“How this event unfolds will depend very much on local weather conditions over the next few weeks,” Marine Park Authority Director of Reef Recovery Dr. David Wachenfeld said in a statement.
The vibrant colors that draw thousands of tourists to the Great Barrier Reef each year come from algae that live in the coral's tissue. When water temperatures become too high, coral becomes stressed and expels the algae, which leave the coral a bleached white color. While some of the areas are expected to regain their normal color when temperatures drop, other parts of the reef have already experienced significant mortality of bleached coral.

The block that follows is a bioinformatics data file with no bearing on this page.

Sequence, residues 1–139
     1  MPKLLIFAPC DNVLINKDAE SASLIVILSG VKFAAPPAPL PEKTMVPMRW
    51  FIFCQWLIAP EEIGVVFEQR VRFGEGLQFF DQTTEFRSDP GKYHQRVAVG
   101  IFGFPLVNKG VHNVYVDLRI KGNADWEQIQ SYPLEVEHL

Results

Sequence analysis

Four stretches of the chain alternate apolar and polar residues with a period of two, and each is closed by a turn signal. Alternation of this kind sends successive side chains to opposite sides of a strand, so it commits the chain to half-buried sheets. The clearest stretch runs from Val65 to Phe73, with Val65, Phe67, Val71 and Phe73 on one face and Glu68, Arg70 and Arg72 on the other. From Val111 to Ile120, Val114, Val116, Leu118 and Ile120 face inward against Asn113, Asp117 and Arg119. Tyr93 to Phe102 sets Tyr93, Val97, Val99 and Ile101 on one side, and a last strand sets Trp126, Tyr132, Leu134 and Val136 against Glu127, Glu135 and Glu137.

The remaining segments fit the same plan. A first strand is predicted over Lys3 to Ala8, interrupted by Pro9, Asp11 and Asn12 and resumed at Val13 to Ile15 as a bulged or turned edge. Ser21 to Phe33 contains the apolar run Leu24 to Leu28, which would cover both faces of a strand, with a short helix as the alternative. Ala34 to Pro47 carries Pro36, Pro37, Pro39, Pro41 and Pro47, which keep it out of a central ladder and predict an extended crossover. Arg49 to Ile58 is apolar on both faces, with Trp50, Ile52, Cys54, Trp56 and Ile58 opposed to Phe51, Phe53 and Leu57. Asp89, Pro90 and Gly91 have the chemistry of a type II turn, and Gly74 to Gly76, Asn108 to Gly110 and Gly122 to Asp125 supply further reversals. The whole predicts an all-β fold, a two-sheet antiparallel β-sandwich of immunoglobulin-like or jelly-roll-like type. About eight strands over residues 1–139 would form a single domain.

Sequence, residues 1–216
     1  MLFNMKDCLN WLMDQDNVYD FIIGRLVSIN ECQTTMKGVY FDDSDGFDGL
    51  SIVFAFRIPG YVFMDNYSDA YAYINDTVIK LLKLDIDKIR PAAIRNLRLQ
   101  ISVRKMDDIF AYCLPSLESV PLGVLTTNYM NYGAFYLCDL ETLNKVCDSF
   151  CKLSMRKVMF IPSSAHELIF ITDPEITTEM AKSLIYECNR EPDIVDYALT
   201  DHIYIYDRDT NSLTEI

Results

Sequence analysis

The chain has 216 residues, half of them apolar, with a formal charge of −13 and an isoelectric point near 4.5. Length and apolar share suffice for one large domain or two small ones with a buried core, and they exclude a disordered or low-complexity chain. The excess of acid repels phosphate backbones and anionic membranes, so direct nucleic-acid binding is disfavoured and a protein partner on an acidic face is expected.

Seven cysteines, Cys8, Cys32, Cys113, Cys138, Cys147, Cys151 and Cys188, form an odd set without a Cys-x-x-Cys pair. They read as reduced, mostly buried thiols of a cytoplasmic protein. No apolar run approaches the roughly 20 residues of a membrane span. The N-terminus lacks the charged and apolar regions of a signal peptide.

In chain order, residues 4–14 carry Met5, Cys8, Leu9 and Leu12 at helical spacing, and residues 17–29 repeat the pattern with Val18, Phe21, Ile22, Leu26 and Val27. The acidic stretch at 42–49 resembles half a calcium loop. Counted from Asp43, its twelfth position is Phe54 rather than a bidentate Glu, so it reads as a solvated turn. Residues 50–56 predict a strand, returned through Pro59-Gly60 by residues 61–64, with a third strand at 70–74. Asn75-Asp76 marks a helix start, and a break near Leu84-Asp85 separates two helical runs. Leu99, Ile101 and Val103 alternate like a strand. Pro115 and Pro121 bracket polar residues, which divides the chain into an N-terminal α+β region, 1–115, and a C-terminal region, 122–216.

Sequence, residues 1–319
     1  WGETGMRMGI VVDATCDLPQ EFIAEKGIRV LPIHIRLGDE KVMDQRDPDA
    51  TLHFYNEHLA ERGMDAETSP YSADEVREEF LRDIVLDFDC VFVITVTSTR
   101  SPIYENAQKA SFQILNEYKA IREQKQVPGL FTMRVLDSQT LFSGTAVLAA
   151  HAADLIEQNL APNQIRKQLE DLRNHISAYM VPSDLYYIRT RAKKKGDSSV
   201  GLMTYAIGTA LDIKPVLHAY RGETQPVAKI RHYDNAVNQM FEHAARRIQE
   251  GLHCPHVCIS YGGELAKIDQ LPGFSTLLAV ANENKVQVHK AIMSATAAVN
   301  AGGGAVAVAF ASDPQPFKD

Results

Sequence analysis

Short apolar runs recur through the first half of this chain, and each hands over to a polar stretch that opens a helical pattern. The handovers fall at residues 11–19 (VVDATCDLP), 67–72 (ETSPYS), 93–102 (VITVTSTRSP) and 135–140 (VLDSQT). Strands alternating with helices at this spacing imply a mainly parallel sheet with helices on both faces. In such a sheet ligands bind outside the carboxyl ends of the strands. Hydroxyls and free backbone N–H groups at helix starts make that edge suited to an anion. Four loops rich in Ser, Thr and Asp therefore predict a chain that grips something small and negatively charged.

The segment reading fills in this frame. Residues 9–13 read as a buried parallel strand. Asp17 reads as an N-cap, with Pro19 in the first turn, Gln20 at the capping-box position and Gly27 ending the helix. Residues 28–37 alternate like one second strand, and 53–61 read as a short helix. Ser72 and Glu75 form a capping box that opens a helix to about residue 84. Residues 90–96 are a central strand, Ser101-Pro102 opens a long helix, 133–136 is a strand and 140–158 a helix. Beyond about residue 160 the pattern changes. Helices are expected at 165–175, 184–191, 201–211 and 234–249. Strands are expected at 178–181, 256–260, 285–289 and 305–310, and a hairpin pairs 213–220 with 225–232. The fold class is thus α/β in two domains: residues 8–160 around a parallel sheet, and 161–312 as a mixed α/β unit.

The back-to-back summers of widespread coral bleaching likely mean that the water temperatures did not become low enough to allow the corral to adequately recovered, Neal Cantin from the Australian Institute of Marine Science said in a statement.
“We are seeing a decrease in the stress tolerance of these corals,” Cantin said. “This is the first time the Great Barrier Reef has not had a few years between bleaching events to recover.”